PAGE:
Billboard calls it their “Hot 100” … I am assuming any expansion of that number turns it into a “Tepid 200”. So what does that make us here in Bangkok – the “Thawed Out 300”? I can just imagine the harried TT staff on the day before deadline coming to the realization they have only mustered up a list of 277 … oh no! 23 movers and shakers short!

“Quick … take this camera and run down to Nana Plaza and see if anybody looks vaguely like leadership material,” the Editor must have said. “On second thoughts, head for Soi Cowboy. Times are tough … even for movers and shakers.”

This is clearly what happened in this latest list, judging by the inclusion of some very dubious faces; movers and shakers in the Pattaya Walking Street girlie bars, perhaps, but certainly not in Bangkok society.

This is borne out by the telltale last question TT asked on the form required to be sent back: “Can you recommend any other names to be included on our list?” Ah-hah! So you did have to pop down to Soi Cowboy after all!

It’s bad enough the list is a morbidly-obese 300. Worse still -- it’s alphabetized!

Thank God my last name’s Biggs, putting me at #18 on the Thawed Out 300. I just think it’s downright unfair Anthony Ainsworth is a perennial #1, while poor old Boaz Zippor, that talented photographer, must be beside himself languishing at #300. What happens if a new expat by the name of, oh, Veronica Zimmerpickle suddenly shoulders her way into Thai expat society? Poor Boaz gets bumped!

It would have been far more exciting – not to mention riveting – to rank the Top 300 expats on a weekly basis.

Perhaps not so great for Anthony Ainsworth, but certainly Bill Heinecke would jump from his current #107 straight to #1 in his first week on the chart – that hasn’t happened since Michael Jackson released “You Are Not Alone”.

TT could tabulate our rises and falls based on bank statements, appearances in the social pages, contributions to the TT Pension Fund, etc. And since we Bangkok expats have a propensity for, er, untoward behavior (a mere 11 out of the 300 are devoid of skeletons in the closet), that too could have an effect on our weekly rankings when and if we get caught. Surely my three months in America earlier this year would have seen me slip from #18 down to the lower regions of the Top 40.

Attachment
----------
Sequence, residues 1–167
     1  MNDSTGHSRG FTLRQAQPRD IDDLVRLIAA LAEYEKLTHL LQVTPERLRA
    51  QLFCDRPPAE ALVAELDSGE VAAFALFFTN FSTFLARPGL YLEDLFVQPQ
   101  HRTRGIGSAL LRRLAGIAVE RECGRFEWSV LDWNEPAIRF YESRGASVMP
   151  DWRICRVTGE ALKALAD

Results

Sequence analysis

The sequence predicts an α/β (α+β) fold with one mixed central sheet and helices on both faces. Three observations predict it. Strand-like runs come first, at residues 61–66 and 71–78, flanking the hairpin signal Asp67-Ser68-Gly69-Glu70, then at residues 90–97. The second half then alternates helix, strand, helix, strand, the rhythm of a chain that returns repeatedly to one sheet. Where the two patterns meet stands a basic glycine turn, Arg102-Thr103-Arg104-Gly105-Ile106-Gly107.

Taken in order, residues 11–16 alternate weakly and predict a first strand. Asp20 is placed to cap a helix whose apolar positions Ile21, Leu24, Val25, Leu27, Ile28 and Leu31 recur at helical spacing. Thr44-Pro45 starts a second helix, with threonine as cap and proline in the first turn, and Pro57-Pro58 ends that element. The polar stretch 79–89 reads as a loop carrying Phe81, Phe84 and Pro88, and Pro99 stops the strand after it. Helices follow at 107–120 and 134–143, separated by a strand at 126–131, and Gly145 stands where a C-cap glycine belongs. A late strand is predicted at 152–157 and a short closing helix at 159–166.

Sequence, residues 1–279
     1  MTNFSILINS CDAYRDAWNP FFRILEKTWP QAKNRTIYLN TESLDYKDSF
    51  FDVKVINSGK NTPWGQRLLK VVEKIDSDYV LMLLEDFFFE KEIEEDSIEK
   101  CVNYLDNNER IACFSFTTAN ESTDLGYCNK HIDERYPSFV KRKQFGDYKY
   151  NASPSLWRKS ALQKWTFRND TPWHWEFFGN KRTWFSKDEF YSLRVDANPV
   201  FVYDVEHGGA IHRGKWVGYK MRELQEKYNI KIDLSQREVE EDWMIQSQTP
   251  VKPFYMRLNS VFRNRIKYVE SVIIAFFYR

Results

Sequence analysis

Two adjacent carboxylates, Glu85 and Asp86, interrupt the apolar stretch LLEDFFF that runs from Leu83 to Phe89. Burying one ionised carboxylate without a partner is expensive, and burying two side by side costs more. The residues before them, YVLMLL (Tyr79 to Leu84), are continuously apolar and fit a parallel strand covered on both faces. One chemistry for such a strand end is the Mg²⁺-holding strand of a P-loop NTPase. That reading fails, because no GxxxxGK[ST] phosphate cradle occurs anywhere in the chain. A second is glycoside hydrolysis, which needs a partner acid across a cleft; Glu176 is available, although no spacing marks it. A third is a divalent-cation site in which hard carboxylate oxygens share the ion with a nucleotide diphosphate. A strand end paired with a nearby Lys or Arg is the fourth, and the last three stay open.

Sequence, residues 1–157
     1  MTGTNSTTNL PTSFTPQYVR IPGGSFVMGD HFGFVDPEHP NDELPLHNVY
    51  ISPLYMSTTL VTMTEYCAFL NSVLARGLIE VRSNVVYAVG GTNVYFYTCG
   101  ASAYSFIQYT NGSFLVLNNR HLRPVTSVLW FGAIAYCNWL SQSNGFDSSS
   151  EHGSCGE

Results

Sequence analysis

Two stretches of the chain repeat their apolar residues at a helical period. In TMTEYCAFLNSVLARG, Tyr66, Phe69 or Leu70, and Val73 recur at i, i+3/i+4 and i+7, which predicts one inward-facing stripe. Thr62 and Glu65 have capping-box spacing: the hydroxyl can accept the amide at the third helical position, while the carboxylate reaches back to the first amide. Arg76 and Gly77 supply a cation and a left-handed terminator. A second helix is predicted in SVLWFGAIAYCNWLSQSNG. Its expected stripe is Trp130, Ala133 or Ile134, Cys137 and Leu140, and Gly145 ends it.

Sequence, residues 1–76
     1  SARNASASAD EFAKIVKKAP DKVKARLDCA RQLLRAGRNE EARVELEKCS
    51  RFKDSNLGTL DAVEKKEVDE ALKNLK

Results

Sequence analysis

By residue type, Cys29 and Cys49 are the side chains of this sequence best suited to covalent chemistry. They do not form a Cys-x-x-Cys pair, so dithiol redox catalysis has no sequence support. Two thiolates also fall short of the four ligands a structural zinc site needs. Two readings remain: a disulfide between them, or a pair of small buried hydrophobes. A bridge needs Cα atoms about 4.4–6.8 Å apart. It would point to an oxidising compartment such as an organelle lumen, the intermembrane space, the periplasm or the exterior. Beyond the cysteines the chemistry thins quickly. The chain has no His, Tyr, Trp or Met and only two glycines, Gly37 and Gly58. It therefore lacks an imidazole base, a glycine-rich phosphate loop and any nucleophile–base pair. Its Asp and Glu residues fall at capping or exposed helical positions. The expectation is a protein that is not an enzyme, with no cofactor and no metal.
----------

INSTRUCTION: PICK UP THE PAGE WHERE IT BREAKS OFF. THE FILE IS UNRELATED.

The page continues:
Whenever Rolling Stone publishes their list of the 100 Greatest Songs Of All Time they cop a lot of flak from readers who demand to know why classics like We Built This City or Sunglasses At Night weren’t included. It’s the same with the Thawed Out 300.

Last Wednesday I had dinner with my good friend Andrew Stotz, Thailand’s leading financial analyst, the likes of which the Prime Minister himself consults. Where is he on the list? And what about my dear friend Stuart MacDonnell who runs international sporting events, before which 85 per cent of “The 300 List” telephone him asking for free tickets?

It was Steve Pettifour (#225, art critic extraordinaire) who explained to me this week why there are 300 of us, and not a more manageable 40 or 100. This is what he said:

Recently there was an event at the Renaissance Hotel to announce the Thawed Out 300 and he went. He made the list for the first time, making me wonder who he bumped and whether he should increase security at his moo bahn because of it.

“It’s a conspiracy,” he explained. “They want us all to beef up. They’re going to put us all in armor and make us fight in the name of Sparta!”

Ah, now I get it. And that I would like to see. Anthony Ainsworth and the other 17 in front of me can man the front line.

I’ll be at the back having a beer with Boaz.

/Andrew